A member of the National Association of Concessionaires (NAC) since 2005, Adam Gottlieb has been actively involved in a variety of activities for the industry association. Gottlieb first began collaborating with NAC through sponsoring the Al Lapidus Golf Tournament in 2004. He has continued to sponsor NAC events since, including the association’s annual convention and regional seminar series. BoxOffice spoke with the concessionaire veteran to learn more about his career in the candy business (and beyond).
What’s the role cinema has played in the concession business, and what has your experience been working with that part of the industry?
It’s a fun industry, a very tight-knit group. For people who are supposed to be competitors, they do a nice job of working together, sharing best practices, and helping each other along. It’s rare to see that kind of interaction in business and it’s something I like to be a part of. I can sit with four or five customers at a time and tell them what we’re doing and the successes we’ve had with food and things like that and not have a fear that they’re really going to have a problem talking together.
What are some of today’s consumer trends?
I’ll never forget when I first started working in the theater business. I walked into Crowne Theaters, a buyer that’s no longer in the business. I thought I was going to show them everything out there that would make sense for theaters. I’ll never forget he told me, “You know, Adam, thanks for coming, but I care about selling soda and popcorn and I don’t really care about anything else.” It crushed me because I thought I was going to show this guy all these new things he could do, and he didn’t have any interest. Fast forward 15 or 16 years, almost everybody’s looking for alternatives to the candy, popcorn, nachos, and soda that have always been the backbone of the industry. The changes have really come with expanded food menus, more hot foods.
Apart from the aforementioned popcorn and soda, what are some of the other staples?
The candy mix hasn’t really changed. When vendors come to me and they think they’ve got the greatest new item to go into the theaters, I tell them how hard it is to get a new item to take off in theaters. My feeling is you go to the movies and you eat what your parents ate when they went to the movies. And they’re probably eating the same stuff your grandparents ate at the movies. There’s a lot of stuff that does very well candy-wise at theaters that doesn’t really sell in the rest of the industry. Buncha Crunch is a very strong item, and you don’t see it in retail. The last item to really hit it big candy-wise at theaters and have any staying power was Sour Patch Kids, and they were introduced when I was a kid going to the movies. They’re still popular now because you’ve got kids who love eating the sour stuff at the movies, and you’vegot their parents who were the first generation to be introduced to sour candies. That’s the last time the candy picture really changed.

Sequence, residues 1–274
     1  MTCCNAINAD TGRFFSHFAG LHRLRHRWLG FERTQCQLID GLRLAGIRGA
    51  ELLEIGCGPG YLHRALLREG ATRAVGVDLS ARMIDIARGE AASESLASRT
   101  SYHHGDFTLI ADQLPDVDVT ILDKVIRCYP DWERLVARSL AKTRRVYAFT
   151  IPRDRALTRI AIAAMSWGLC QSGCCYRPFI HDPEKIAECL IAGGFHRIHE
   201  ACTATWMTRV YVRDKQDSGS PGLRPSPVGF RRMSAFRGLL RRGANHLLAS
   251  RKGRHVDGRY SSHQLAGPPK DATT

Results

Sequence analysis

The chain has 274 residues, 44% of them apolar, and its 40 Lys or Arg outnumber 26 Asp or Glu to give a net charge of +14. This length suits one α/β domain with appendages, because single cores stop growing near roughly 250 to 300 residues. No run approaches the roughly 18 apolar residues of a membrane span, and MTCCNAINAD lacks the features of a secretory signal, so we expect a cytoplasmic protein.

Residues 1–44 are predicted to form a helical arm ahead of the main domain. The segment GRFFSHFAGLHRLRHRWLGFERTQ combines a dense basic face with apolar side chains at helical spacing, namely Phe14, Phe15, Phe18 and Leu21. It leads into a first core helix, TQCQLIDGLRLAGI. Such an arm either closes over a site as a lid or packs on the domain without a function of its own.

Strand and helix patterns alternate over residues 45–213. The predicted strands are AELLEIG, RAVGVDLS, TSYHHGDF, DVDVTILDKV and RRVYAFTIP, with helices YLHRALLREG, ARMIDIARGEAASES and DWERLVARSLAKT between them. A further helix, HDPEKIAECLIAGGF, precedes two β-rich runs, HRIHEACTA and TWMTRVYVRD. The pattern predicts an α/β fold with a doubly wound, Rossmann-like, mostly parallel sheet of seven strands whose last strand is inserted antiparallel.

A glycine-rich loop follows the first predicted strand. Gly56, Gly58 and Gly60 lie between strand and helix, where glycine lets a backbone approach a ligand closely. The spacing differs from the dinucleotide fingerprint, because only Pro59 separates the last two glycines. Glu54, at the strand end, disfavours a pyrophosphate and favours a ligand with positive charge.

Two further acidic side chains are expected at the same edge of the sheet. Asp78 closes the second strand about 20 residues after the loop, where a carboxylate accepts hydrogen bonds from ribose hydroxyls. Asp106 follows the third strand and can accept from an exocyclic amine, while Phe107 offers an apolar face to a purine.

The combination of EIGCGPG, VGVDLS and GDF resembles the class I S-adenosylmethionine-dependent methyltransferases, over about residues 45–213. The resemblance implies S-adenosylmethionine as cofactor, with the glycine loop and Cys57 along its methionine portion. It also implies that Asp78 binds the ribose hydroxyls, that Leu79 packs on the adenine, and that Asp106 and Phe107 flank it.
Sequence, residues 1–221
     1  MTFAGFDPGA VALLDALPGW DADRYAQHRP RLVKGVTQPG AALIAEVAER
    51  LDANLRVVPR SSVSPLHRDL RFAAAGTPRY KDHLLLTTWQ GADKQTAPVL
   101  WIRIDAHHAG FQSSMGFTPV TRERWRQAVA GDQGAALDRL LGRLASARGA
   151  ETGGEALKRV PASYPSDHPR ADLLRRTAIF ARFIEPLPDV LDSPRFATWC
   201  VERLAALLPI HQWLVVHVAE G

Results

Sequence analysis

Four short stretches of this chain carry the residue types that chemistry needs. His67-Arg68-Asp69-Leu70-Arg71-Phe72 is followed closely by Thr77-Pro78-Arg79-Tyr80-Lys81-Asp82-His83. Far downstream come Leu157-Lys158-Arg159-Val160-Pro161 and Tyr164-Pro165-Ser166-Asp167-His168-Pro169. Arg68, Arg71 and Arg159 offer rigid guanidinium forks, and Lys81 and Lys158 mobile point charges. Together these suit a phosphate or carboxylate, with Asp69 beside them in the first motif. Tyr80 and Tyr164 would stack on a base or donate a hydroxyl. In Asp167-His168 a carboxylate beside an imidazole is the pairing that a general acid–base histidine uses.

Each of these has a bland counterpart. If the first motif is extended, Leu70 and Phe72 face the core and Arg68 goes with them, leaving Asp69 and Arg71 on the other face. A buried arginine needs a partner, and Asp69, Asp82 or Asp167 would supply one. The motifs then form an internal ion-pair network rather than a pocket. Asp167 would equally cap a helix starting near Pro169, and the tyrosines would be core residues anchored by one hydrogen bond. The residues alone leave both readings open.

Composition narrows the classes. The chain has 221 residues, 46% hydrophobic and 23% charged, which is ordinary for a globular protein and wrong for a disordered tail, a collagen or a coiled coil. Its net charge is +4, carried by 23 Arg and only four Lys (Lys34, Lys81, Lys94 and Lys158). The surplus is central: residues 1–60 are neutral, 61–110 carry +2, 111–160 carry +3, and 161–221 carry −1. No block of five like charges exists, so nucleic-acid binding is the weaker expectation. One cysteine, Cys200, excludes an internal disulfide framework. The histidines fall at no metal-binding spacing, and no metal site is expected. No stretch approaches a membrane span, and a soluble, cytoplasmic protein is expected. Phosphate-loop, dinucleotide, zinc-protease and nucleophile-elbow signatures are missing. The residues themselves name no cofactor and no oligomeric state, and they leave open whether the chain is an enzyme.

Are vendors diversifying their offerings to meet the demand for expanded concession options, or are they sticking with what they do best in the ever-lucrative candy market?
It’s a combination of both. I think that there are people going with the full-on in-theater dining concept. And there are people going with the chicken fingers, french fries, and corn dogs that can be prepared and served right from the concession stand as opposed to having a wait staff and runners bring it to someone’s seat. I think there will be certain locations that can have and sustain the eat-in dining. I’m not sure it’s going to be everyone that’s into it now; I think you may see some people get out of it. I think it’s going to be a mix of that and more of the casual, meal-replacement type thing that can be served at the concession stand. As far as candy goes, I haven’t seen a lot of changes in the 17 years I’ve been doing it and not a lot of long-lasting changes. You’ll see a lot of items that can pop up and do well for a short period of time, but I think you’re ultimately going to be looking at a very similar mix to what you have now.